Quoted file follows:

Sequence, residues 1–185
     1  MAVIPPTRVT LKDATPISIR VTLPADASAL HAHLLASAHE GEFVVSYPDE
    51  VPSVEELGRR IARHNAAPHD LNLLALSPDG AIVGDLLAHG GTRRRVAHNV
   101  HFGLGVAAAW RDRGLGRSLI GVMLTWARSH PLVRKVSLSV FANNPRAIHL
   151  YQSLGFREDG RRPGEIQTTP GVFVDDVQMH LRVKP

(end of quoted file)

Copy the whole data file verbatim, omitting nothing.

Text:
Sequence, residues 1–185
     1  MAVIPPTRVT LKDATPISIR VTLPADASAL HAHLLASAHE GEFVVSYPDE
    51  VPSVEELGRR IARHNAAPHD LNLLALSPDG AIVGDLLAHG GTRRRVAHNV
   101  HFGLGVAAAW RDRGLGRSLI GVMLTWARSH PLVRKVSLSV FANNPRAIHL
   151  YQSLGFREDG RRPGEIQTTP GVFVDDVQMH LRVKP